Wednesday, 3 April 2019

Robert Plant - The Mighty Rearranger (2005)


Released May 2005

This album builds on the quality of 2002's "Dreamland", keeping most of the band together and adding more musicians. Again, the album is a mix of rock, folk, blues, world music and some of the spirit of Led Zeppelin's mysticism (which was often Plant's anyway). It is another strong, interesting and inventive album.


1. Another Tribe
2. Shine It All Around
3. Freedom Fries
4. Tin Pan Valley
5. All The King's Horses
6. The Enchanter
7. Takamba
8. Dancing In Heaven
9. Somebody Knocking
10. Let The Four Winds Blow
11. Mighty Rearranger
12. Brother Ray                                      

"Another Tribe", for a few seconds has a "Rock 'n' Roll" drum intro before the upbeat, folky guitar strains and "Kashmir"-esque keyboards arrive to swirl this intoxicating track onwards. Then we get a bit of wah-wah guitar and a sumptuous bass line. Plant's vocals are very Bono-ish in places. "Shine It All Around" starts very Zep-ish in its slow, insistent drum grind, then we get some Jimmy Page-style guitar. "Freedom Fries" is a delicious piece of bluesy rockabilly liveliness that meets grinding riffy, rock. Plant's voice is just great and the drums are very Bonham. This is the sort of thing you could have imagined Zeppelin doing in the 2000s, had they survived. The most "Zep" song so far is "Tin Pan Valley", with its organ intro, infectious cymbal work at the beginning. Its rhythm is deep and seductive. Then, like a hammer from the Gods (sorry), all hell breaks loose, briefly, half way through, then we return to the subtle bass, cymbals and Plant's quiet vocal for a while. Then it breaks out again. Nice one. No Led Zeppelin fan can fail to enjoy this, surely.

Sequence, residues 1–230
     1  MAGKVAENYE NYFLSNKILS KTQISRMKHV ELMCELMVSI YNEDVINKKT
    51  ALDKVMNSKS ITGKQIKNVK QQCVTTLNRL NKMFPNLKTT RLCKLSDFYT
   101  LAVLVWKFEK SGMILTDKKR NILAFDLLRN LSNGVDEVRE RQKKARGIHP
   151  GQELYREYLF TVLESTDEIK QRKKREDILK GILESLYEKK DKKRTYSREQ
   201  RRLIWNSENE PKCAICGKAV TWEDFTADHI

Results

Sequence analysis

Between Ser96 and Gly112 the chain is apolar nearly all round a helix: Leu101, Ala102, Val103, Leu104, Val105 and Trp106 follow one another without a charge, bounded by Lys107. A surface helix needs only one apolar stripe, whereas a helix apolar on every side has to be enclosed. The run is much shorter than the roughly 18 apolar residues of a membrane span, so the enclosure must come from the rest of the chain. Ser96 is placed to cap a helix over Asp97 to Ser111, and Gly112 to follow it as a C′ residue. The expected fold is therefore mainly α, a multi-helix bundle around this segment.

"All The King's Horses" is a laid-back "Led Zeppelin III" meets Paul Weller folky, acoustic ballad. While it certainly has the spirit of "Goin' To California" and "Over The Hills And Far Away", it is still very much its own unique entity. It is not just a nostalgic retrospective. It breathes in its own right. "The Enchanter" is a sultry, grinding, brooding, slow rock number that serves to confirm that this is a quality album that acknowledges Plant's past but still produces classic rock, even in 2005, when it was not top of the popular music tree. This album brings it right back. "Takumba" is a heavy rocker, with a bit of North African influence and some more very Bonham-esque power drums.

"Dancing In Heaven" has a beautifully deep and melodic bass line underpinning its sensual, catchy ambience. Eastern guitar runs through the track too, with some Beatles-inspired drumming. "Somebody Knocking" has even more of an Eastern influence in its hypnotic groove. "Let The Four Winds Blow" is packed full of atmosphere - blues, slow rock, rock 'n' roll guitar. It is another one with an entrancing sound to it. The title track has a great bluesy riff and a quirkily catchy vocal and rhythm. The album ends with a bit of blues piano boogie on "Brother Ray" which then, after a brief pause, gives us a "hidden" track of spacey, dance-ish instrumental and occasional vocals, which actually turns out to be a clubby remix of "Shine It All Around".

This album is as enjoyable as its predecessor was - proper music. Love it.


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